## Error estimation

We use two different estimators for the errors in the force field:

• Bayesian error estimation.
• Spilling factor[5].

### Bayesian error estimation

Ultimately for error prediction we want to get the maximized probability of observing a new structure ${\displaystyle \mathbf {y} }$ on basis of the training set ${\displaystyle \mathbf {Y} }$, which is denoted as ${\displaystyle p\left(\mathbf {y} |\mathbf {Y} \right)}$. For this we need to get from the error of the linear fitting coefficients ${\displaystyle \mathbf {w} }$ in the reproduction of the training data ${\displaystyle p\left(\mathbf {w} |\mathbf {Y} \right)}$ to ${\displaystyle p\left(\mathbf {y} |\mathbf {Y} \right)}$ which is explained in the following.

First we obtain ${\displaystyle p\left(\mathbf {w} |\mathbf {Y} \right)}$ from the Bayesian theorem

${\displaystyle p\left(\mathbf {w} |\mathbf {Y} \right)={\frac {p\left(\mathbf {Y} |\mathbf {w} \right)p\left(\mathbf {w} \right)}{p\left(\mathbf {Y} \right)}}}$,

where we assume multivariate Gaussian distributions ${\displaystyle {\mathcal {N}}}$ for the likelihood function

${\displaystyle p\left(\mathbf {Y} |\mathbf {w} \right)={\mathcal {N}}\left(\mathbf {Y} |\mathbf {\Phi } \mathbf {w} ,\sigma _{\mathrm {v} }^{2}\mathbf {I} \right)}$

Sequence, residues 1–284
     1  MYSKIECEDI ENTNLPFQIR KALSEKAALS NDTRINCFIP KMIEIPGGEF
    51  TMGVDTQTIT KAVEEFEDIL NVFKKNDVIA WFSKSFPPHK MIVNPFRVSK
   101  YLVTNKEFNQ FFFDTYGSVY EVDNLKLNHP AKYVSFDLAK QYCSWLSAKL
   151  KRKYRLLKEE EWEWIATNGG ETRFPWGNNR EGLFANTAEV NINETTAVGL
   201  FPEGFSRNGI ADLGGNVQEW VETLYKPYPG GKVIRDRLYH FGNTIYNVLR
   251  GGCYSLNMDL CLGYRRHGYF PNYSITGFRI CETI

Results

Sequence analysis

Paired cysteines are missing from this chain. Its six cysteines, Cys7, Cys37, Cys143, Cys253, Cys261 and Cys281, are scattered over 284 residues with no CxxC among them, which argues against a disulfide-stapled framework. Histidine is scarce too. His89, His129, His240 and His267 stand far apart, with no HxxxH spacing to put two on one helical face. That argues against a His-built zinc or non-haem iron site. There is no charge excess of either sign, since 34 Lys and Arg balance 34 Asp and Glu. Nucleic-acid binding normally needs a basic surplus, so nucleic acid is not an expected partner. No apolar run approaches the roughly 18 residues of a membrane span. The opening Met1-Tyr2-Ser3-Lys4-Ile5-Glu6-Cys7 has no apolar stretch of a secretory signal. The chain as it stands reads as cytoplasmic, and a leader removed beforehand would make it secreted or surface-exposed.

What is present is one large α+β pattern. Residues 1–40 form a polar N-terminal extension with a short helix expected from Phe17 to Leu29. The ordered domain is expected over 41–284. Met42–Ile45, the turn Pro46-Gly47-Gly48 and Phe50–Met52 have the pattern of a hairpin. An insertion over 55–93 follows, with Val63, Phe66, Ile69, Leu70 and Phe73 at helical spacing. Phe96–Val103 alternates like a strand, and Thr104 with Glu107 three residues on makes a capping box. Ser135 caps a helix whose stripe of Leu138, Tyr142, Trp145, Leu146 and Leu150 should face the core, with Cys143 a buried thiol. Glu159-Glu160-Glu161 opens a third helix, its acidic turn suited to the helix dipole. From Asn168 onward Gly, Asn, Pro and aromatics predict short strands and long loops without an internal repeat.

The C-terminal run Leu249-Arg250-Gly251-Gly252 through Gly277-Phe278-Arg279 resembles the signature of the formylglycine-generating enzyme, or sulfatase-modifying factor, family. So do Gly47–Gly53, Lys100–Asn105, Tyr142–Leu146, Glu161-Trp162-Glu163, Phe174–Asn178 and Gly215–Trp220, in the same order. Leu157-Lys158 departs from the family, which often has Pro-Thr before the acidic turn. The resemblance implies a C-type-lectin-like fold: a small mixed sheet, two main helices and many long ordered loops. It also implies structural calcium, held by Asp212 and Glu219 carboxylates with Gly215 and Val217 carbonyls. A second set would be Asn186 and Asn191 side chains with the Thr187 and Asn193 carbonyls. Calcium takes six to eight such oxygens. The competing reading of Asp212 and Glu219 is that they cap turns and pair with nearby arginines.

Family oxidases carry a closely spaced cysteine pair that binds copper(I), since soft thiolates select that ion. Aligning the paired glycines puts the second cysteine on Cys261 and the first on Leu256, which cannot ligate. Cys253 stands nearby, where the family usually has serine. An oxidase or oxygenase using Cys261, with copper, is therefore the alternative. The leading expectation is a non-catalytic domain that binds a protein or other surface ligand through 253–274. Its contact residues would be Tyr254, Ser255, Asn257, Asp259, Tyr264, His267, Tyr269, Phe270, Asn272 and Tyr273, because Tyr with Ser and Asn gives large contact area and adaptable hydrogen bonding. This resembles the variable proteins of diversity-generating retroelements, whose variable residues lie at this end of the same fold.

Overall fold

and the (conjugate) prior

${\displaystyle p\left(\mathbf {w} \right)={\mathcal {N}}\left(\mathbf {w} |\mathbf {0} ,\sigma _{\mathrm {w} }^{2}\mathbf {I} \right).}$

The parameters ${\displaystyle \sigma _{\mathrm {w} }^{2}}$ and ${\displaystyle \sigma _{\mathrm {v} }^{2}}$ need to be optimized to balance the accuracy and robustness of the force field (see below).The ormalization is obtained by

${\displaystyle p\left(\mathbf {Y} \right)=\int p\left(\mathbf {Y} |\mathbf {w} \right)p\left(\mathbf {w} \right)d\mathbf {w} .}$

Using the equations from above <p\left( \mathbf{w} | \mathbf{Y} \right)> is obtained as follows

${\displaystyle p\left(\mathbf {w} |\mathbf {Y} \right)={\mathcal {N}}\left(\mathbf {w} |\mathbf {\bar {w}} ,\mathbf {\Sigma } \right).}$

Since the prior and the likelood function are described by multivariate Gaussian distributions the posterior ${\displaystyle {\mathcal {N}}\left(\mathbf {w} |\mathbf {\bar {w}} ,\mathbf {\Sigma } \right)}$ describes a multivariate Gaussian written as

${\displaystyle {\mathcal {N}}\left(\mathbf {w} |\mathbf {\bar {w}} ,\mathbf {\Sigma } \right)={\frac {1}{\sqrt {\left(2\pi \right)^{N_{\mathrm {B} }}\mathrm {det} \mathbf {\Sigma } }}}\times \mathrm {exp} \left[-{\frac {\left(\mathbf {w} -\mathbf {\bar {w}} \right)^{\mathrm {T} }\mathbf {\Sigma } ^{-1}\left(\mathbf {w} -\mathbf {\bar {w}} \right)}{2}}\right]}$

where we use the following definitions for the center of the Guassian distribution ${\displaystyle \mathbf {\bar {w}} }$ and the covariance matrix ${\displaystyle \mathbf {\Sigma } }$

${\displaystyle \mathbf {\bar {w}} ={\frac {1}{\sigma _{\mathrm {v} }^{2}}}\mathbf {\Sigma } \mathbf {\Phi } ^{\mathrm {T} }\mathbf {Y} ,}$

${\displaystyle \mathbf {\Sigma } ^{-1}={\frac {1}{\sigma _{\mathrm {w} }^{2}}}\mathbf {I} +{\frac {1}{\sigma _{\mathrm {v} }^{2}}}\mathbf {\Phi } ^{\mathrm {T} }\mathbf {\Phi } .}$